Digital-first editors do this, actually, and some are quite good at this. They get used to marketing to the consumer because epubbing is a more intimate environment. There are a handful of digital-first publishers that put the editor’s name in the front of the book, as well.

    • 2 Stacy Boyd December 20, 2009 at 10:27 am

      Good point, about the digital editors. The interaction between print book editors and readers vs. digital book editors and readers is quite different, on a daily basis. As a print book editor, my usual interaction with readers happens through letters, if readers write them to my authors, and book events like Brooklyn Book Fair or readings where I attend for the fun of it, not in my official role. That means the interactions are sporadic and not very timely.

      Digital editors, though, have a direct link to readers through their publication’s web site and the nature of online interaction, which has fewer boundaries. Everyone can be part of the conversation, without having to write a letter.

      Putting editors’ names in the front of the book makes sense on some level, like movie credits. But I wonder which editor’s name should appear: the senior editor–who makes the final decisions, the actual line editor and/or copyeditor, or the acquisition editor–who felt so passionate about the book that she advocated it be published? For some freelance line editors, who get manuscripts by assignment rather than by choice, a name mention might not always be a good thing. If the project you receive is not one you would have chosen as an acquisitions editor, you may not want your name attached.

  2. 3 Guy LeCharles Gonzalez December 19, 2009 at 12:29 am

    There’s a number of ways for a book editor to build a platform for themselves, and none of the best have anything to do with representing themselves in an official capacity as editor for Publisher X and just talking about the books they’ve acquired. It’s about finding and engaging with communities of readers with similar passions.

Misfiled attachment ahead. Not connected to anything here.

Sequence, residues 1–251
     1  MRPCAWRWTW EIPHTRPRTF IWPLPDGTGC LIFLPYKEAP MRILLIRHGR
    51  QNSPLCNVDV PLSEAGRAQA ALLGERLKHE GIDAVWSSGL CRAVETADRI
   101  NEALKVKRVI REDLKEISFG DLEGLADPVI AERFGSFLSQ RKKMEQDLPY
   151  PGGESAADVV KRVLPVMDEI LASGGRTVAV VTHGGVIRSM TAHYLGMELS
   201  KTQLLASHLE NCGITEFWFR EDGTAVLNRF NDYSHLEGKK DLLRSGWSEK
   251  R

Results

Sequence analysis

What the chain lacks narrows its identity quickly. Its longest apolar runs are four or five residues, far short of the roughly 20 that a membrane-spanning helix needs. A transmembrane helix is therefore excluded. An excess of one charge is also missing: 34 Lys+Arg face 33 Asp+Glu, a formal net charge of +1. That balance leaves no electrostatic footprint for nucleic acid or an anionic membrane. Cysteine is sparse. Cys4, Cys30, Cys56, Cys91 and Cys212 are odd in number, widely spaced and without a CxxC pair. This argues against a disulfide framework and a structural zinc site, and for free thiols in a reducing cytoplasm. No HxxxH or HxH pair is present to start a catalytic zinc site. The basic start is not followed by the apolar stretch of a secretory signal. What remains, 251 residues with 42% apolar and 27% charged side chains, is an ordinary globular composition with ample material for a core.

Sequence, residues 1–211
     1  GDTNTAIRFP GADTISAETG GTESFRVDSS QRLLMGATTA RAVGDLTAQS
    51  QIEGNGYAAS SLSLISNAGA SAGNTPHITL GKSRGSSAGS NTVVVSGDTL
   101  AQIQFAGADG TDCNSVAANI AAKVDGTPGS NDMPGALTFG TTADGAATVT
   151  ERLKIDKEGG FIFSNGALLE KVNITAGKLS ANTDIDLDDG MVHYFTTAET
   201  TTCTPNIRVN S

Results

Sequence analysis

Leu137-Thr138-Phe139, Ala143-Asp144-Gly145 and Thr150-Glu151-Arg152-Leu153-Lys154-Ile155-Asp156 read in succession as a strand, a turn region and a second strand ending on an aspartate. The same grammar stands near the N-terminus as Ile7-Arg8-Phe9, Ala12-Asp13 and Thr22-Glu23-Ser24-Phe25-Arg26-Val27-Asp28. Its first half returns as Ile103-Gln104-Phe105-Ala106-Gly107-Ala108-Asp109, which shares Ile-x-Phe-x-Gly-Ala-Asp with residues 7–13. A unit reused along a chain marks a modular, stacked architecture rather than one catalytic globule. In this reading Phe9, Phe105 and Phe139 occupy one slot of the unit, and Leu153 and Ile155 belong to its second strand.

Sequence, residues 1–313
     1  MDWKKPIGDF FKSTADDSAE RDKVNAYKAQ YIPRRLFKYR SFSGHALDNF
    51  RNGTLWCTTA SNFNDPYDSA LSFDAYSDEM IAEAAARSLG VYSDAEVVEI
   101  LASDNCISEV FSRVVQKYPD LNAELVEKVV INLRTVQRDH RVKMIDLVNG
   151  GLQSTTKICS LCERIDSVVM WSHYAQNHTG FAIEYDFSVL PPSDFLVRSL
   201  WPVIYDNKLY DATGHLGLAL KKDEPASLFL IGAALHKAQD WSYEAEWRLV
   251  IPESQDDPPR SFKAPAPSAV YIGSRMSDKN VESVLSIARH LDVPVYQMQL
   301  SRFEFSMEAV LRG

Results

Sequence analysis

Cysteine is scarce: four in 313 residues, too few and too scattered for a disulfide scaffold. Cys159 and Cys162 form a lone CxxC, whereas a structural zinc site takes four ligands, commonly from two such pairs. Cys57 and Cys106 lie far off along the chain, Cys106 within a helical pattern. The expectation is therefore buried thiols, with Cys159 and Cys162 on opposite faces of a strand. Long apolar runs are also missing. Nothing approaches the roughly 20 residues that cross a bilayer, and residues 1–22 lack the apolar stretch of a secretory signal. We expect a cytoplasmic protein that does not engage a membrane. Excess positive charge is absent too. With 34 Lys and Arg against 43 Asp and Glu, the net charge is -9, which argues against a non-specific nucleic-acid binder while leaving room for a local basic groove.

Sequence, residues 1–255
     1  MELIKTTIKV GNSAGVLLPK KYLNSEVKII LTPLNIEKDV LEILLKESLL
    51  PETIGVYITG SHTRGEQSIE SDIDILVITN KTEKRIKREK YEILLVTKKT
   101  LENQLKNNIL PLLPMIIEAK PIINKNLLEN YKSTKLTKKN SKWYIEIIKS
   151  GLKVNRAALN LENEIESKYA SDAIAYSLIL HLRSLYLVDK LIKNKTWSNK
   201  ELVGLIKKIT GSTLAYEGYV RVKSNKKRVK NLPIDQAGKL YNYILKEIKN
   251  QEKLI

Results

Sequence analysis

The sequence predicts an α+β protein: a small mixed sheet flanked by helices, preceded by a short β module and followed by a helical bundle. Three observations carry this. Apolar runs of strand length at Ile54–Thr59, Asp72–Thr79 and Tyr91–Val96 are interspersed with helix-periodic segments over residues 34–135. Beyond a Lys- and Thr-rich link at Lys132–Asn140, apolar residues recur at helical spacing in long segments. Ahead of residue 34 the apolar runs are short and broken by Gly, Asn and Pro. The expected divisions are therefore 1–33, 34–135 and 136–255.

People respond and engage with people — REAL people — and IMO, social media at its best is when it connects people to people, not products to people.

    That’s the advice I always give to authors who ask about platforms (http://bit.ly/JIcce), and it’s the advice I’ve given to every magazine editor I’ve worked with over the past few years, too.

    Lead with your passion, and the rest will follow.

    • 4 Stacy Boyd December 20, 2009 at 11:29 am

      You’re right. You can’t have a quality platform–no matter its final form or purpose–without connecting to people and following your passion.

      But my assumption before reading your post was that platforms were always promotional tools closely connected to the personality behind them, e.g., authors or magazine editors with books, blogs, articles or speaking engagements to sell. So my first thought was that the purpose of a book editor’s platform would be to sell the books they’d worked on, with whatever publisher, or to sell their own work (books, blogs, etc.).

      Perhaps the true purpose of a platform is simply to say, “This is who I am. This is what I care about. Who wants to talk about it?”

  3. 5 Jose Sanchez December 21, 2009 at 12:33 pm

    Interesting post. I believe publishers should let their authors do the talking. After all that’s what people really want.

    But I also believe that new technologies have blured the limits between the audience and executives. We all should at least know that, nowadays, information is more accessible than ever. Hence, we should all have a presence in any platform used by our audience (Good ones for publishers: Twitter, LinkedIn, Scribd, Digg). We don’t want to be out of touch with them, right?

    Btw, check out this site http://www.mygazines.net. It offers hundreds of publications for free. Publishers can also upload their content, have a friendly digital edition and get readers for free. It’s worth a try.


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I work as an editor at Harlequin, but the posts on this site are all mine and don’t represent my employer's positions, strategies or opinions.